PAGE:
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Taiwanese shoemakers lobby RP for lower cost of land, lease rates

Thursday, December 18, 2008 [ ]

TAIPEI, Taiwan: A group of Taiwanese shoe makers may relocate their operations to the Philippines provided the government brings down the cost of land and leasing.

“An important consideration for us to do our business in the Philippines is the cost of land and lease of factories, so we hope that your government would amend its policy on these costs,” Jack Lin, Taiwan Footwear Manufacturers Association chairman, told reporters in a visit to their office here Monday.

Frank Kung, Taiwan Footwear Manufacturers Association chief executive, said they are interested to invest in the Philippines, but production costs are relatively higher than in other Southeast Asian countries. “The ongoing global economic slump makes production costs a very important consideration among firms. We also have offers coming from Cambodia, Indonesia and Vietnam to relocate our factories there. We are comparing the production costs among these prospects, and we would likely set up shop where we could avail of the most competitive costs.”

Lin said land in China could be leased at about $1 per square meter, while in Cambodia and Vietnam, land could be used for free for a limited period. In the Philippines, he said government data shows that the cost of lease per month in export-processing zones runs from $2.50 to $6 per square meter. Also, a worker’s salary in Cambodia averages at about $1 a day, or cheaper than in the Philippines where the minimum wage stood at $8 a day, he said.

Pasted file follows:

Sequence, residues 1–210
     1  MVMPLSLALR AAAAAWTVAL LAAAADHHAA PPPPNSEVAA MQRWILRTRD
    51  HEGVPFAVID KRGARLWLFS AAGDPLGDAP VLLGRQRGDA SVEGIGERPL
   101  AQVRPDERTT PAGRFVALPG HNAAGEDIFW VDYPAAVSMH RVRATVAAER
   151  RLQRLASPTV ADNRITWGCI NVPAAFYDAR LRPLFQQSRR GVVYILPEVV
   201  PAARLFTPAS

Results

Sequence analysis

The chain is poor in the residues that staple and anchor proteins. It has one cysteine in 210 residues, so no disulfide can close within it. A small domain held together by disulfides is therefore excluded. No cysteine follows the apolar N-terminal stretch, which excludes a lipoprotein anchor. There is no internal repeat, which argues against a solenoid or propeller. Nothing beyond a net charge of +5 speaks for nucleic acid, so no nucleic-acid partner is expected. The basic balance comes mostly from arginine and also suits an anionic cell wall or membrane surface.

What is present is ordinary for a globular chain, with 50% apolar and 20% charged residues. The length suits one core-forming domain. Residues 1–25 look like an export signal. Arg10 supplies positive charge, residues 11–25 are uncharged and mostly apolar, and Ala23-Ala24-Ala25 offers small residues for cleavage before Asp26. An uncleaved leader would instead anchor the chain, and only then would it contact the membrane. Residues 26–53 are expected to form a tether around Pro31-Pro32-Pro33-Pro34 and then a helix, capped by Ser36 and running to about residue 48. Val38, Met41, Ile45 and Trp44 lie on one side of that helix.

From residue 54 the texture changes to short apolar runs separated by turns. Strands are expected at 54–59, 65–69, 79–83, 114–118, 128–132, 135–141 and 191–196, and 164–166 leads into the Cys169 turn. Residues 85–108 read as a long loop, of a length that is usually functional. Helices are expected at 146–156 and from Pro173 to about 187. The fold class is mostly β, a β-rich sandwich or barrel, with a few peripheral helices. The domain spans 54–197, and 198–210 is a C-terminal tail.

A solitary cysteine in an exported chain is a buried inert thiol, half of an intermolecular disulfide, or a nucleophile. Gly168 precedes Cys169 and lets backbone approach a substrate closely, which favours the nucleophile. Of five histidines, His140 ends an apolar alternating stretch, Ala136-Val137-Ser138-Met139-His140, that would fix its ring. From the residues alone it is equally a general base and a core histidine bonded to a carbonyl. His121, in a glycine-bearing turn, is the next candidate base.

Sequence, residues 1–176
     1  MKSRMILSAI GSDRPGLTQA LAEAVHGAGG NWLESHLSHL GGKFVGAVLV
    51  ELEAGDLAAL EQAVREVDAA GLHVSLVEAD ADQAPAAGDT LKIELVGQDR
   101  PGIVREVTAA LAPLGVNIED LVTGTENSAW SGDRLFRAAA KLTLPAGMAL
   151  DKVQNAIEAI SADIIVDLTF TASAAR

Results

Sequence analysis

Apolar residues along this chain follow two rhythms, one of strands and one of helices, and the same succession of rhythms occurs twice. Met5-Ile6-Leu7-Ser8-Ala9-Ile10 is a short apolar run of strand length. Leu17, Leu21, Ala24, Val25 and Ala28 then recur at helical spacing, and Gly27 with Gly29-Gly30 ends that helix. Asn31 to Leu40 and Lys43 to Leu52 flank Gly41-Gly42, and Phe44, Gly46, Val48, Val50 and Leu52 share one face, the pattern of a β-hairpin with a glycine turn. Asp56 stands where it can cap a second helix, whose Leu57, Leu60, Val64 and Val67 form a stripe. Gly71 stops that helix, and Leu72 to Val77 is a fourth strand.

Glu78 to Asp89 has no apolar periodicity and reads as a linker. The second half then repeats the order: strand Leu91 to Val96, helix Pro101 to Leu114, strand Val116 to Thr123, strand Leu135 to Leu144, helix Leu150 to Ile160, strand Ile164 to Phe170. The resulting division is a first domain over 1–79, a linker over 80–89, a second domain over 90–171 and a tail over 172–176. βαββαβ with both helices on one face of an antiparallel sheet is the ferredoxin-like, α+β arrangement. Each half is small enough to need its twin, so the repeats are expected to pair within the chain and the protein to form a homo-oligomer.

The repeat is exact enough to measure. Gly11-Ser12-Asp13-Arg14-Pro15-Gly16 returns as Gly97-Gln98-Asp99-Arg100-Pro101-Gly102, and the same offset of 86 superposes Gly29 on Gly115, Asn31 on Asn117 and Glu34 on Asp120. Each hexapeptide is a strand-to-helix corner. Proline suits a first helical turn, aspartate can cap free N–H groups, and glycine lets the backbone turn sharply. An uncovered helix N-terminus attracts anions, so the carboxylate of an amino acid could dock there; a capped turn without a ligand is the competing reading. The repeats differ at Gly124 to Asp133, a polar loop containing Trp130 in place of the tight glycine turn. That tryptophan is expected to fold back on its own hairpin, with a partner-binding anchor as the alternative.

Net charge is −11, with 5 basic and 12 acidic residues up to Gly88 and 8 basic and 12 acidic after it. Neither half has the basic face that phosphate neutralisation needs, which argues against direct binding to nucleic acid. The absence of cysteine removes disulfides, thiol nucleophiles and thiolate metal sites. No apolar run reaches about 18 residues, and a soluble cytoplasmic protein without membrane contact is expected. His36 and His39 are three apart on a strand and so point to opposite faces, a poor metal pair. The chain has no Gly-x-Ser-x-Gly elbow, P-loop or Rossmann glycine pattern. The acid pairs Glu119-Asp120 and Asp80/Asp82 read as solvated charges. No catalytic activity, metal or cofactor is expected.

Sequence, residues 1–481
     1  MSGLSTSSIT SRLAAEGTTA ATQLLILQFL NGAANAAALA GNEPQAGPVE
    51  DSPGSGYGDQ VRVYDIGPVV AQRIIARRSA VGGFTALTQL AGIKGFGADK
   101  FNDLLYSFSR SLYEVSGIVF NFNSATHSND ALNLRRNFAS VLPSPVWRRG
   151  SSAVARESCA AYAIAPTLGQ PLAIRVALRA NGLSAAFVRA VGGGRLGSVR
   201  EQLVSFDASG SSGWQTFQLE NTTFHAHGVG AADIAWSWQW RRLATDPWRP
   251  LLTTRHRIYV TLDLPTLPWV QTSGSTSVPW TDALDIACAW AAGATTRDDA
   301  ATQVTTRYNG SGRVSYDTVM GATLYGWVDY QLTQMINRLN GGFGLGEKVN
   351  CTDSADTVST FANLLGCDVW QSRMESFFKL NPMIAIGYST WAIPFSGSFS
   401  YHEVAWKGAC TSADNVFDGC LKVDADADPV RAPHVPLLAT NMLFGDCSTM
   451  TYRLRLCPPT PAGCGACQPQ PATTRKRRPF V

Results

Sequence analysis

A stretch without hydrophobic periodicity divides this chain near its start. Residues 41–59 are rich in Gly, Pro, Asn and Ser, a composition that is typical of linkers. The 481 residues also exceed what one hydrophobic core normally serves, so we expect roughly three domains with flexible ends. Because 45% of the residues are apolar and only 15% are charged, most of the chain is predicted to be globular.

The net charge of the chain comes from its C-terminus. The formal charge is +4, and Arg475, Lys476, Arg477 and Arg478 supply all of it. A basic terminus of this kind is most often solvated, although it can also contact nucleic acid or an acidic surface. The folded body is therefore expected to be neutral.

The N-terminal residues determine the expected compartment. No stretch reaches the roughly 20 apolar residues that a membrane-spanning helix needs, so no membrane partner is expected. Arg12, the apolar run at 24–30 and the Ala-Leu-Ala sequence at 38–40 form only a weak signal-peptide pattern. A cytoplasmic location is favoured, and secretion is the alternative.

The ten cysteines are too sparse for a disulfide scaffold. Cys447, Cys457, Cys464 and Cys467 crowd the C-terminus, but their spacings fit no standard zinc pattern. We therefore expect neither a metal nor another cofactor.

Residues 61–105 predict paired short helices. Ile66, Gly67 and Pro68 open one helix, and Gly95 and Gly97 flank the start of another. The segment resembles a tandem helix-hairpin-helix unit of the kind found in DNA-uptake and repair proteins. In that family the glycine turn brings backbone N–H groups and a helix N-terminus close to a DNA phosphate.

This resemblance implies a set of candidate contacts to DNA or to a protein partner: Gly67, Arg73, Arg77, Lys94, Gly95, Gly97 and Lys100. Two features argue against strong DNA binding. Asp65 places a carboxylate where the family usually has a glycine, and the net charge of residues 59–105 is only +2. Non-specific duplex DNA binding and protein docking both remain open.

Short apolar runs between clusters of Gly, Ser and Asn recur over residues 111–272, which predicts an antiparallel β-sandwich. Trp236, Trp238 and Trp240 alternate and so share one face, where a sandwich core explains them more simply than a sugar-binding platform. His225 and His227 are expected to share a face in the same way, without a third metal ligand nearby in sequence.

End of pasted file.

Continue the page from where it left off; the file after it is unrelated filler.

The group’s president conceded that the higher cost of labor and power in the Philippines is already acceptable to them due to the country’s pool of highly skilled workers in the shoemaking industry.

But in the case of land and lease costs, they would want the Philippine government to tweak the country’s policy to encourage investors, he said. A lease rate of $1 per square meter a month for them is most ideal, he added.

Kung said some Taiwanese footwear makers have already moved out to Cambodia, Indonesia and Vietnam. If the Philippines wants to corner investments from among the group’s members, the cost of doing business should go down, he said.

The group has 100 members, which supply mainly inexpensive footwear to stores in the US, mostly tapping factories in China. Sources said some of the group’s member-companies might transfer elsewhere due to the rising cost of production in the mainland. Meanwhile, the recent labor unrest in Vietnam is discouraging some from relocating there.-- Ben Arnold O. de Vera


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